Physician Groups Outraged at Medicare Pay Cuts

Mark Crane

June 18, 2010

June 18, 2010 — Starting today, physicians can expect Medicare to cut their fees by 21.3%, after the US Senate failed to pass a measure that would have delayed the planned reduction for 6 months.

Medical groups were quick to condemn the Senate for failing to enact the "doc fix" as part of a $118 billion package that also would extend jobless benefits and provide $24 billion to states for their Medicaid programs.

"The reduction in payments, even if temporary, creates havoc for practices," the American College of Physicians (ACP) said in a statement. "The situation is unacceptable and the frustration and anger is understandable. The College continues to apply maximum pressure on Congress to immediately halt the cut by enacting legislation that provides stable and predictable payments — with the goal of a permanent fix."

Even before the vote Thursday, the American Medical Association (AMA) at its annual meeting in Chicago mocked Congress for failing to grapple with the pay issue, releasing a statement saying the "Senate Fiddles as Medicare Burns."

The AMA voted to formulate legislation for a new Medicare payment option that would allow patients and physicians to freely contract for payments that differ from the Medicare schedule, while allowing patients to use their Medicare benefits. "A new patient-centered category of Medicare payment will allow seniors to use their Medicare benefit fully for the healthcare they need," said David O. Barbe, MD, an AMA trustee.

New Compromise?

Although frustrated and angry at the failure to pass the "doc fix" on Thursday, medical groups said they still believe the pay cuts will be rescinded during the next few weeks.

ACP said it expects that "Congress will act in the near term by enacting a fix that is retroactive to June 1. Medicare contractors will automatically adjust claims paid that reflect the reduction after Congress enacts the retroactive fix — enabling physicians to receive the additional payment consistent with the new law without them having to take any action. Further, Centers for Medicare and Medicaid Services intends to release official guidance that permits physicians to waive small beneficiary co-payment amounts associated with a retroactive fix. ACP had urged the CMS to minimize disruption to physicians and is pleased the agency is taking these actions."

The 56–40 vote Thursday night in favor of the $118 billion package, including the "doc fix," wasn't enough to overcome a filibuster. The entire Republican caucus plus Sen. Ben Nelson (D-NE) and Sen. Joseph Lieberman, a Connecticut independent, voted against the measure.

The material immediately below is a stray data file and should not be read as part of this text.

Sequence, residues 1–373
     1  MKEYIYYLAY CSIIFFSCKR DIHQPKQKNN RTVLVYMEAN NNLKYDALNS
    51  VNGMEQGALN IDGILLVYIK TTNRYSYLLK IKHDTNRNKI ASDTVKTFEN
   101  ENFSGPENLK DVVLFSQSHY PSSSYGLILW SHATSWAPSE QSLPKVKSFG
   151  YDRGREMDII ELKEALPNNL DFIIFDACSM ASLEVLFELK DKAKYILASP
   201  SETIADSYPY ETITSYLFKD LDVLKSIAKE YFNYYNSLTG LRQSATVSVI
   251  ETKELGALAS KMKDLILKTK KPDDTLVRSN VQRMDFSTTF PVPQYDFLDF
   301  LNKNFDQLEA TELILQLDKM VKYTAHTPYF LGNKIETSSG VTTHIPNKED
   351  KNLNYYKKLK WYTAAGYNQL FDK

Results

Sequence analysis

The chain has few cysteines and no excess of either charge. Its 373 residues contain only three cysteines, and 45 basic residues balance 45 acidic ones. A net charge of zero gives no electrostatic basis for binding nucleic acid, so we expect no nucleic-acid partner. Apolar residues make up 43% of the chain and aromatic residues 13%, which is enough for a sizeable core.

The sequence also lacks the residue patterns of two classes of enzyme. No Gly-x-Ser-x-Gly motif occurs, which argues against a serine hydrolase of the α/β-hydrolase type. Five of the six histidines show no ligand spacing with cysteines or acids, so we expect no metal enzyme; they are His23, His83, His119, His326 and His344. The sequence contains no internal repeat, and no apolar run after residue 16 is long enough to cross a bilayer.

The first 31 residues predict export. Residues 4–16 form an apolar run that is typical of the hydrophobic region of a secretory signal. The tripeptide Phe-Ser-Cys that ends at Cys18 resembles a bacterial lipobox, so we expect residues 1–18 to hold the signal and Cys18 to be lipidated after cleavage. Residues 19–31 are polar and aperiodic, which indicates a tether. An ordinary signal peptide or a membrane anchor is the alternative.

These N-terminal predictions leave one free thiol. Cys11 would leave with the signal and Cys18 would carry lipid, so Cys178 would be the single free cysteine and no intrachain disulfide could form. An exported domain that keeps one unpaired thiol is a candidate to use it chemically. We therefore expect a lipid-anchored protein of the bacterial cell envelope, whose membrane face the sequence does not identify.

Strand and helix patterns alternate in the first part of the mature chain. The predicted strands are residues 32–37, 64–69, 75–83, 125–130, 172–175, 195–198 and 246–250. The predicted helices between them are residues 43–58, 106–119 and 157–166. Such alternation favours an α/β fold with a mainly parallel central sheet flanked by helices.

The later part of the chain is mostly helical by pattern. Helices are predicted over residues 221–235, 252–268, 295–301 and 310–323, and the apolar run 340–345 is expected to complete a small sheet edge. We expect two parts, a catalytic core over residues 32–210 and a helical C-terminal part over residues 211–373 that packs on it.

Some press reports said that a new compromise effort was still in the works Friday that could delay the Medicare cuts for 6 months, but other reports said the measure would not be taken up again until next week.

Partisan Rhetoric

Tensions were high in Washington, DC, as the partisan rhetoric intensified. After the vote, Senate Majority Leader Harry Reid (D-NV) told reporters, "Tonight, every single Republican voted to give doctors a 21% pay cut."

Sen. Max Baucus (D-MT), who had proposed a compromise amendment that would have delayed the planned Medicare cuts for 6 months instead of the 19 months called for in an earlier bill, said, "Given the attitude on the other side of the aisle, I don't know if anything will get a vote."

Republican Majority Leader Mitch McConnell (R-KY) told reporters that although Republicans also want to delay the Medicare pay cuts, the overall package was not offset by spending cuts and added too much to the deficit. "Even in the face of public outrage, Democrats are showing either that they just don't get it on this issue of the debt, or that they just don't care."

White House spokeswoman Amy Brundage blamed Republicans for the bill's failure. "These measures are vital to our nation's families and our economic recovery, and the president urges those opposing these measures to end this obstruction and stand on the side of the American people."

The Medicare pay cut is the result of a decade-old formula, called the sustainable growth rate, set up by Congress to slow the growth in Medicare spending. Reimbursement rates for Medicare would have been trimmed on a yearly basis, but Congress has deferred the cuts 9 times since 2003, almost always just days before planned cuts would take effect. Changing the formula was not included in the healthcare overhaul President Obama signed into law in March.

The AMA and other medical groups argue that a Medicare pay cut will harm patient access to care because physicians are less willing to treat Medicare patients. A survey of 9000 AMA members revealed that 17% of physicians — and 31% of primary care physicians — would limit the number of Medicare patients they see because rates are too low.

The pay cut drama of 2010 has taken a toll on medical practice finances, according to an AMA survey.

In response to the 2 short-lived rate reductions in March and April, 39% of physicians delayed payments for supplies, rent, or other expenses; 17% took out a loan or line of credit to pay bills; and 17% held up paychecks or even furloughed or laid off employees, the association reports.

Such cutbacks make it less likely that medical practices will invest in health information technology and other improvements that policymakers consider vital to healthcare reform, the AMA notes.

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